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Gradebook

Education news and notes from Tampa Bay and Florida

Today's news

28

July

MANAGING GROWTH: For years, Pasco County - the nation's eighth-fastest growing county - has struggled to provide enough school seats for its rising population. On Monday, the School Board and County Commission will review plans to control the situation. High on the agenda: the board's request to significantly increase impact fees.

CHOICE GRANT: If you missed it yesterday, the Hillsborough school district is getting a multi-million federal grant to support school choice. Officials plan lots of academic experiments for kids in poverty.

ONE YEAR AND OUT:
Former state representative Eleanor Sobel, elected to the Broward School Board last November, plans to resign by next June to seek a state Senate seat. The Sun-Sentinel reports that in October 2006, the Democrat said she would abandon a Senate run to commit to the board.

LOBBYING NO-NO: Florida International University in Miami violated state law by using public money to pay for private lobbying efforts, the Miami Herald reports.

KEEP YOUR PANTS ON: A Martin County teen faces a nine-week suspension for mooning in P.E. His parents say he was simply the victim of too-big gym shorts, the Palm Beach Post reports.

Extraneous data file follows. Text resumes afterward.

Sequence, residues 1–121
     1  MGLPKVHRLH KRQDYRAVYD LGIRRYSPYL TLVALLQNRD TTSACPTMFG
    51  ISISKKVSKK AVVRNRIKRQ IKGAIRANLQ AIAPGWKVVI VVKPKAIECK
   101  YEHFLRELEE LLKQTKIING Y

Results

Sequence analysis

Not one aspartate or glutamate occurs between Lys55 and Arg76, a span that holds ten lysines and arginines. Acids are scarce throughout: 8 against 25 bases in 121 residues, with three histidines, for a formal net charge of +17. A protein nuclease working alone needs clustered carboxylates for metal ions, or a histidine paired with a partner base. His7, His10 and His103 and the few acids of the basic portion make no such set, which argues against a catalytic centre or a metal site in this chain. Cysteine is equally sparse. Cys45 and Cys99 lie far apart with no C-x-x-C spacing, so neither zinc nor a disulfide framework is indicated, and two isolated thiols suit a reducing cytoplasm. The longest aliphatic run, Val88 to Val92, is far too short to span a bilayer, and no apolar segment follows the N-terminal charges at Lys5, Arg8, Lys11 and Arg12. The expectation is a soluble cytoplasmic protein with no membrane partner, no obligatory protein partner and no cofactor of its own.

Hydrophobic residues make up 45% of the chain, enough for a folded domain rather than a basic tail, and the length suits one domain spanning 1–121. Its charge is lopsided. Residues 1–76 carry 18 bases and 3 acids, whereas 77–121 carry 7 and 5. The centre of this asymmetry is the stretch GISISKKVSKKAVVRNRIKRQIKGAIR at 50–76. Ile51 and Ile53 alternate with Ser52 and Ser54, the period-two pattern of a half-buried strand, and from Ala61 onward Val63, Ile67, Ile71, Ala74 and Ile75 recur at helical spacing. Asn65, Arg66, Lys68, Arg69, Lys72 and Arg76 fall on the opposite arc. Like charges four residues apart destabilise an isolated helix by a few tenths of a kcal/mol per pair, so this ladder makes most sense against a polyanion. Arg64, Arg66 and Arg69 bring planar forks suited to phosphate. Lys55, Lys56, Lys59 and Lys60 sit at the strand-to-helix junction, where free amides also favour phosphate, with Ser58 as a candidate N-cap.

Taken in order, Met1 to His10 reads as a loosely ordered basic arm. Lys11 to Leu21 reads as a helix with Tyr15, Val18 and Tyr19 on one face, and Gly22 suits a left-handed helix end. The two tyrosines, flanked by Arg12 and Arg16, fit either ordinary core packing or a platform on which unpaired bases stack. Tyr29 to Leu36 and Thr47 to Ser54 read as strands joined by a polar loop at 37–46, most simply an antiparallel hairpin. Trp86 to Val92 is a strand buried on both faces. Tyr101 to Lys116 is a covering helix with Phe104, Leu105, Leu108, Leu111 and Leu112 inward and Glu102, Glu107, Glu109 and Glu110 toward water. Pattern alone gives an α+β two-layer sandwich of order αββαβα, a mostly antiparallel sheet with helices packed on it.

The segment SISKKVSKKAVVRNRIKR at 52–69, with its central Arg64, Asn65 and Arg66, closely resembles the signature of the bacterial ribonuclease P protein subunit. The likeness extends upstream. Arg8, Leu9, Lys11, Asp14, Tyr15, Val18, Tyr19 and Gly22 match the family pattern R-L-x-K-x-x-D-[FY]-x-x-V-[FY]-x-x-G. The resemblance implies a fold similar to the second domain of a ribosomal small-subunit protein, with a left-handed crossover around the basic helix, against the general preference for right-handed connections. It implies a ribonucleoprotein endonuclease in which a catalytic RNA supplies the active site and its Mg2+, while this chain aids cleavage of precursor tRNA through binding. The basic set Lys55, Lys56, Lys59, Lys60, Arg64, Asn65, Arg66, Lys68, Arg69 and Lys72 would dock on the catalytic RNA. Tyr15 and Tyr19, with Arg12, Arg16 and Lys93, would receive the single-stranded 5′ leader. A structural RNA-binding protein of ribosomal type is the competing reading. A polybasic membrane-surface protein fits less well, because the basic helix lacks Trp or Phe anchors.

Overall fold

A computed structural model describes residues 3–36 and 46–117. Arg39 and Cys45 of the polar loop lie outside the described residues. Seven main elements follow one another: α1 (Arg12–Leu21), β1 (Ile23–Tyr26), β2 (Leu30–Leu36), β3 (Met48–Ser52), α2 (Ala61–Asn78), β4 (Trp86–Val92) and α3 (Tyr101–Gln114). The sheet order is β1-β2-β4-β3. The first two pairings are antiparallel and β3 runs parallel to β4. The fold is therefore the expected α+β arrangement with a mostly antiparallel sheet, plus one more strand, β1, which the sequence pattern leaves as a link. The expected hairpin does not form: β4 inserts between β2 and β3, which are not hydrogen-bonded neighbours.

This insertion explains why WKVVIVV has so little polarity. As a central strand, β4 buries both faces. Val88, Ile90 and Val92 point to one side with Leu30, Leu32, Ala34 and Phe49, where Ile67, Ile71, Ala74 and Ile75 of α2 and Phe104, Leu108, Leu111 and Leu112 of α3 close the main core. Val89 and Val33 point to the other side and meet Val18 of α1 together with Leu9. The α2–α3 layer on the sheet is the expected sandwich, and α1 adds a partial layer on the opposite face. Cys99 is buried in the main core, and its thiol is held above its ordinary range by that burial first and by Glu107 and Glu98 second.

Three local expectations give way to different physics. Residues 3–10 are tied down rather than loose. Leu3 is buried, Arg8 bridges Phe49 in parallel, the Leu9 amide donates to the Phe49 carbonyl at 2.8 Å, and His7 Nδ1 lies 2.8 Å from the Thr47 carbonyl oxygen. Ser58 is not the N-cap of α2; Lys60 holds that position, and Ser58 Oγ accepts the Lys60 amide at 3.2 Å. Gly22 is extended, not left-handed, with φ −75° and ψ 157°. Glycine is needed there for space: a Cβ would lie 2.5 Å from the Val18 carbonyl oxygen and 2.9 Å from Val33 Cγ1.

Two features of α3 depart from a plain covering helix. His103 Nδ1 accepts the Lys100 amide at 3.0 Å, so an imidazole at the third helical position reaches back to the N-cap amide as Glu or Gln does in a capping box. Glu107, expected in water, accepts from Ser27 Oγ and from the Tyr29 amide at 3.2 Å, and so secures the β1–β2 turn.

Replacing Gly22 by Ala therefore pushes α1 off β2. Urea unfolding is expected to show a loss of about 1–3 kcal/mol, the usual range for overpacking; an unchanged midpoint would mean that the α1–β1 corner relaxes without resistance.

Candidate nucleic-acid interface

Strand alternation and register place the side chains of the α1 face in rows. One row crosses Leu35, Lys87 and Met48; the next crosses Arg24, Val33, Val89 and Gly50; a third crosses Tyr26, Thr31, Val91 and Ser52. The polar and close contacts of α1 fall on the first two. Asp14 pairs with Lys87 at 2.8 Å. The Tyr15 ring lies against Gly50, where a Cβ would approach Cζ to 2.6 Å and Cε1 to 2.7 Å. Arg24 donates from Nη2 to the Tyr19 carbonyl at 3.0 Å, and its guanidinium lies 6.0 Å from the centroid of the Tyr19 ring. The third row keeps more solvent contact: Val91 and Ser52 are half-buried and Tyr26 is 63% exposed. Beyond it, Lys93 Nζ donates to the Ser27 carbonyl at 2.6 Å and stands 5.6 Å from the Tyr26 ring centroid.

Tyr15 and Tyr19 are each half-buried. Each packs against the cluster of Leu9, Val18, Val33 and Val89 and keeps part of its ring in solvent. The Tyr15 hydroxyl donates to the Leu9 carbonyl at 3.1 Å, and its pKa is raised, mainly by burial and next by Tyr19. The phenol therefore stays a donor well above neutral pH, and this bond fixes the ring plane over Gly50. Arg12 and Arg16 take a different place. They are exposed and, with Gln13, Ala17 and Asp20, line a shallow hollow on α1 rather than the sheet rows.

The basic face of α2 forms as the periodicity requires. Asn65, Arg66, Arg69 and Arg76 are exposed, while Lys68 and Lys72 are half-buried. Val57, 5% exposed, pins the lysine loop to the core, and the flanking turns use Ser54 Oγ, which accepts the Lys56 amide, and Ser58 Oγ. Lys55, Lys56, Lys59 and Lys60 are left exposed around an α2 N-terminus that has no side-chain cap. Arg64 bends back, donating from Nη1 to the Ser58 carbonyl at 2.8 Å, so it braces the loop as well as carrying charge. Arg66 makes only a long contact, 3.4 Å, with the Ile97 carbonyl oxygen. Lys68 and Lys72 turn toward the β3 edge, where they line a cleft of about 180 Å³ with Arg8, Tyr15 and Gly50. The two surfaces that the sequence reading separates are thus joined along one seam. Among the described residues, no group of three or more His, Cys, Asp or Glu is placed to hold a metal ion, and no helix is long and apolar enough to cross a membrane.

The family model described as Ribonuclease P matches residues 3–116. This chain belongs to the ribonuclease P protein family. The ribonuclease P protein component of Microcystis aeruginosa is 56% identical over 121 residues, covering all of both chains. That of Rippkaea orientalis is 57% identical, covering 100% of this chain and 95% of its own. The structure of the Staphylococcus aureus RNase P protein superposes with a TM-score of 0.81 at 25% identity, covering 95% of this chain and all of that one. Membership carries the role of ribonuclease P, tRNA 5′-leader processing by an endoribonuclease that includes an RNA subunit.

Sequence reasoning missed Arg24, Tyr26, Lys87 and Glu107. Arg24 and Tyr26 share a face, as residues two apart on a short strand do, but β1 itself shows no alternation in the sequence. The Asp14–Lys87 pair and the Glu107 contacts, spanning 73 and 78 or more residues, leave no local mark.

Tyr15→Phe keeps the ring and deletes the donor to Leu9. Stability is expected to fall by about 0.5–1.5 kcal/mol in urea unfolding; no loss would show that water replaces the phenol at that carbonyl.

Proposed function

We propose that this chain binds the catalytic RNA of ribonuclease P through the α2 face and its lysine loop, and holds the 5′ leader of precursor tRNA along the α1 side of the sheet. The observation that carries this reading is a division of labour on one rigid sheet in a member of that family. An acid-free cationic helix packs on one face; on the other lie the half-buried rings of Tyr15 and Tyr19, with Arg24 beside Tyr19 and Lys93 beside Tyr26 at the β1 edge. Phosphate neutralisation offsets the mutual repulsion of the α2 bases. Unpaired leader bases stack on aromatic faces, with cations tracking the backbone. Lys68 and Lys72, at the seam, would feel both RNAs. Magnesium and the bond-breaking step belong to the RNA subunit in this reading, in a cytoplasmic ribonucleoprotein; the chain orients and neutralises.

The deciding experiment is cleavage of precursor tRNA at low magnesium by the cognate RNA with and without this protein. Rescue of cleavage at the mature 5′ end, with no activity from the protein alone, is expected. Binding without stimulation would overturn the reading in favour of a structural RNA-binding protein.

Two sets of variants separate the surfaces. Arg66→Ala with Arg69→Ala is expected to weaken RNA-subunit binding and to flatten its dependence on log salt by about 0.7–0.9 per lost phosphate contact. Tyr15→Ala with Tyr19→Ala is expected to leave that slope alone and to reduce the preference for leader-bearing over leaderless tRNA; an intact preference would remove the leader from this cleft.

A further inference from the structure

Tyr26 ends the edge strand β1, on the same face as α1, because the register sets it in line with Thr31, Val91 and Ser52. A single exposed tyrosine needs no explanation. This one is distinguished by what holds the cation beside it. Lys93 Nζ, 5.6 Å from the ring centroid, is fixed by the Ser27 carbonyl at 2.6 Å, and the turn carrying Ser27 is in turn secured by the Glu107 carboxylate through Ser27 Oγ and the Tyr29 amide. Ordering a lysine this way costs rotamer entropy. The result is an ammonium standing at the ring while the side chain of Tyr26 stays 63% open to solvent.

THANKS FOR ASKING: The special task force looking into FAMU's finance and management problems tells university president James Ammons that he can't have their budget, as he requested, the Tallahassee Democrat reports.

TEXAS AND STEROIDS: Like Florida, Texas is implementing a steroid testing program for high school athletes. Texas is more aggressive, though, and will test all of the athletes. And, if students want to challenge the results, they'll have to pay for the retest themselves, the Houston Chronicle reports.

KENTUCKY'S COMMISSIONER SEARCH: If you think Florida's search is problematic, check out Kentucky's efforts, as detailed by the Louisville Courier-Journal.

DID YOU KNOW? The LA Unified School District board makes just $26,000 a year. A citizens panel is recommending a 73 percent raise - if members don't hold any other job, the LA Times reports. How does that compare with the board pay in your smaller district? (LAUSD is the nation's second-largest, with more than 700,000 students.)

Visit the Gradebook at noon for an interview with early education advocate David Lawrence, who speaks about the pros and cons of Florida's prekindergarten program as it enters its third year.

[Last modified: Tuesday, May 25, 2010 9:20am]

    

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